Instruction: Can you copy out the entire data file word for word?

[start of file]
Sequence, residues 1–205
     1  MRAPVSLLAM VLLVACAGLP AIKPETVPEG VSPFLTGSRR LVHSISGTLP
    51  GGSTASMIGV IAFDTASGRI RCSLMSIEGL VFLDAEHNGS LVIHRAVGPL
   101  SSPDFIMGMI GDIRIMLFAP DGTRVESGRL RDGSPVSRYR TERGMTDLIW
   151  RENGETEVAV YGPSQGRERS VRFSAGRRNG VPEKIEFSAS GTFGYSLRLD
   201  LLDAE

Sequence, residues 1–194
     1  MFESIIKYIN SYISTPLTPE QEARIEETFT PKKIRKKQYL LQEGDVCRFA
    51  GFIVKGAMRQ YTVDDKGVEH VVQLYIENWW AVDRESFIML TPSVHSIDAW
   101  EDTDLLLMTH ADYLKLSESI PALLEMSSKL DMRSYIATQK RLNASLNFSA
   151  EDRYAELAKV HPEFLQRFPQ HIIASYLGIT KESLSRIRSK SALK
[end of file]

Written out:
Sequence, residues 1–205
     1  MRAPVSLLAM VLLVACAGLP AIKPETVPEG VSPFLTGSRR LVHSISGTLP
    51  GGSTASMIGV IAFDTASGRI RCSLMSIEGL VFLDAEHNGS LVIHRAVGPL
   101  SSPDFIMGMI GDIRIMLFAP DGTRVESGRL RDGSPVSRYR TERGMTDLIW
   151  RENGETEVAV YGPSQGRERS VRFSAGRRNG VPEKIEFSAS GTFGYSLRLD
   201  LLDAE

Sequence, residues 1–194
     1  MFESIIKYIN SYISTPLTPE QEARIEETFT PKKIRKKQYL LQEGDVCRFA
    51  GFIVKGAMRQ YTVDDKGVEH VVQLYIENWW AVDRESFIML TPSVHSIDAW
   101  EDTDLLLMTH ADYLKLSESI PALLEMSSKL DMRSYIATQK RLNASLNFSA
   151  EDRYAELAKV HPEFLQRFPQ HIIASYLGIT KESLSRIRSK SALK